Sagent CEO Dan Sogorka recently joined Founder/CEO of HW Media Clayton Collins for their Housing News podcast. The conversation started with a trip down memory lane —which is quite a thing for folks with the wealth of experience held by these two — and a look at the current state of fintech and the mortgage industry. But the most exciting part (at least for us) was hearing Dan’s transparency about Sagent’s priorities going forward and how the current market cycle is accelerating a paradigm shift toward Sagent’s vision of homeowner-first modernization in this sector.
We’ve put together a quick recap of this 50-minute session, with an emphasis on some of the juiciest bits from Dan’s vision of the future of servicing. Check it out, then listen to the full session (embedded below) as soon as you can.
Mortgage fintech origins
Dan and Clayton reminisced about past market cycles, highlighting the experiences and lessons they’ve taken away. As they recalled, the origin of many of our industry’s fintech leaders was within the largest title companies (listen at 4:04 for Dan’s “sticky note” story). Many of the early mortgage fintech innovations were spearheaded by these companies looking to increase efficiency and reduce manual processes:
You have these offline, manual, people-based transactions, and all along the way people are saying ‘Well how do we do this in a better, faster, cheaper, more efficient, more compliant way?’ — and that’s essentially the mortgage technology industry.
The conversation also described how the rapid growth in mortgage fintech was influenced by economic factors, housing trends, and importantly, the arrival of VC (venture capital) money. This was impactful because it enabled Silicon Valley-style high growth for fintech innovators who were previously focused solely on the bottom line. In this context, the current state of tech in our industry — especially servicing — might appear at once mature and fledgling, which is where the discussion goes next.
Where we are now
These two experts discussed a broad cross-section of our current environment, which was equal parts entertaining and insightful. Notably, one of Dan’s particularly salient comments concerned the state of current platforms operated by some of the biggest entities in the space.
He noted that solutions made up of a “basket of things” — that is, piecemeal solutions brought together via acquisitions — seem like they would be helpful. But if the acquisitions weren’t executed carefully and followed by meaningful investments to integrate them properly, the net result is often a solution that negatively impacts the customers and industry.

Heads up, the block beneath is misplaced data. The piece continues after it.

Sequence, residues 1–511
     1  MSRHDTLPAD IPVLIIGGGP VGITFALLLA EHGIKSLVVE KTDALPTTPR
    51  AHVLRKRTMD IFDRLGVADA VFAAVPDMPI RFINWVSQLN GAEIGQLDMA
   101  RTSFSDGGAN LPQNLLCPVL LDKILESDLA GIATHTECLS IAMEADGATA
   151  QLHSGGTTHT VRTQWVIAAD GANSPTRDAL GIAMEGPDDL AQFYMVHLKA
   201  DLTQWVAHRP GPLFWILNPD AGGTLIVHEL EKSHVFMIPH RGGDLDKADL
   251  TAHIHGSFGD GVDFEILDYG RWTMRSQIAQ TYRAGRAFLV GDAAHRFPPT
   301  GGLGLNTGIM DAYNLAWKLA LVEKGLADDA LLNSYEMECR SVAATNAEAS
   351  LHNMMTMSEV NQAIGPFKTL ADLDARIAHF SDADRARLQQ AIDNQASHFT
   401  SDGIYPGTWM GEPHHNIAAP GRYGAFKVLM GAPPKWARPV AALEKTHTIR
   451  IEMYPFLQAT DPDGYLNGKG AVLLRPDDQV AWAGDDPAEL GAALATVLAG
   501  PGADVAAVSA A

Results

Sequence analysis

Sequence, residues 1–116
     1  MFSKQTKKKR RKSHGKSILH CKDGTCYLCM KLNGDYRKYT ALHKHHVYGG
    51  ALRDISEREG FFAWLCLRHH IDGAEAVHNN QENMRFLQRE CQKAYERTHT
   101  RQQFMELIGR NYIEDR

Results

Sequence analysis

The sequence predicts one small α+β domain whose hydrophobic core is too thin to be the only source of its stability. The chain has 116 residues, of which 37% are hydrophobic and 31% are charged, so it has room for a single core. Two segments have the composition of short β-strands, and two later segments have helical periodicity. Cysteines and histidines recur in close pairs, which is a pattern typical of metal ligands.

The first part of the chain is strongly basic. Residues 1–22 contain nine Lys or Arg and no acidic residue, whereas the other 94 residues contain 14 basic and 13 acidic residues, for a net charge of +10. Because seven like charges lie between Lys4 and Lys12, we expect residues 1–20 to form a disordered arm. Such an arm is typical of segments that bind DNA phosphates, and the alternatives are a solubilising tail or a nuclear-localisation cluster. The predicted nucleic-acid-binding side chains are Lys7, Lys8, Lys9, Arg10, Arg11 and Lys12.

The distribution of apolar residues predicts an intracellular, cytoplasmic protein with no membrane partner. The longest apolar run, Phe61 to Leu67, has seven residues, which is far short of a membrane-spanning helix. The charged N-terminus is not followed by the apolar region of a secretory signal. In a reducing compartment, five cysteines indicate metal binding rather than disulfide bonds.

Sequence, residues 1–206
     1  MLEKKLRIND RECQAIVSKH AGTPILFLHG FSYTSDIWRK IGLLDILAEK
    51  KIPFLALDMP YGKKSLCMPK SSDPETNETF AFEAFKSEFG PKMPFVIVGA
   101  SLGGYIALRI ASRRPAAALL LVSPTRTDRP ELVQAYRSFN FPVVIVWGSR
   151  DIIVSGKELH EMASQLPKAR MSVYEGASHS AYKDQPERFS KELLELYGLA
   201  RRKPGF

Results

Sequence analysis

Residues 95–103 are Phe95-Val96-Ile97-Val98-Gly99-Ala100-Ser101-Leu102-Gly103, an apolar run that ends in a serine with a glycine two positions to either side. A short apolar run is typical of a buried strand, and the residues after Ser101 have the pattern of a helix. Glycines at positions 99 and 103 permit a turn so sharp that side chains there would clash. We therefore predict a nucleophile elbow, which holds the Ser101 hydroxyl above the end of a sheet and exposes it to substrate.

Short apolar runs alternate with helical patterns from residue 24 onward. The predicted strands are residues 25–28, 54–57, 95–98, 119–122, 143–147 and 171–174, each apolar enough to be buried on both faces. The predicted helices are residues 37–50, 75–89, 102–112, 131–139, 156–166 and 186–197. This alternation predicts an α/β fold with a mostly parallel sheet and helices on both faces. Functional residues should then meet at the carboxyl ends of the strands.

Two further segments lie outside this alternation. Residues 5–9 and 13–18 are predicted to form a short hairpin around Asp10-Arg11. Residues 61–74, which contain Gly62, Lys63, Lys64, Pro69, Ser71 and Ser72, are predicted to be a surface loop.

At some point the customer says ‘You own both of these things. Make them work together.
Dan went on to share Sagent’s decision-making process when it comes to acquisitions like this, which prioritizes such criteria as, “Do my existing customers want/need this? Does it bring in new customers? Does it check the box for buy vs. build?”
Building the future of servicing
Dan wrapped up by sharing a few concepts he hasn’t explicitly discussed in such a forum before, but which are at the core of what Sagent is building into tomorrow’s servicing technology.
He specifically referenced the “modular nature of technology”:
You can start saying ‘Wow, this POS (point of sale) looks pretty similar to what I do over here on loss mitigation. It’s uploading docs, checking consumer info… do I need two of those, or do I just need one that gets called at a different time in the transaction?’
He explained that, in order to achieve these types of efficiencies, technology in the sector has to get away from monolithic, legacy applications that prevent getting data to the right place in real-time.
In this context, it’s clear why Sagent’s emphasis on cloud-native, homeowner-focused platforms — synced by real-time data, with open-APIs and 7,952 consumer-owned data points made available for configurable workflows — are resonating in the market.
This approach enables a servicer to access their information – whether regulatory, operational, or asset-related – in a single, accessible, and up-to-date location. The end result is an efficient core servicing operation that powers lifetime homeowner relationships —through good times and bad — while serving investors and exceeding regulatory expectations.
This is the new status quo in servicing, and it’s what Sagent stands for.